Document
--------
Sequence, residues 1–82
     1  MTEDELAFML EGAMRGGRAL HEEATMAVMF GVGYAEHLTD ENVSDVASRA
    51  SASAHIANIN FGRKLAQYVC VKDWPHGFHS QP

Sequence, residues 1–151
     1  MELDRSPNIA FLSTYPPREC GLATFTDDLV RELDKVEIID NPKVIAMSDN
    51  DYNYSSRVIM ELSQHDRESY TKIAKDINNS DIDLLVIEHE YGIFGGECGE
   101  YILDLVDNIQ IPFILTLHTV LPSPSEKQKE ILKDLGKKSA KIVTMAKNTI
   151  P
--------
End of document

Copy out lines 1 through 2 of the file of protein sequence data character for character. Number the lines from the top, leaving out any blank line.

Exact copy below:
Sequence, residues 1–82
     1  MTEDELAFML EGAMRGGRAL HEEATMAVMF GVGYAEHLTD ENVSDVASRA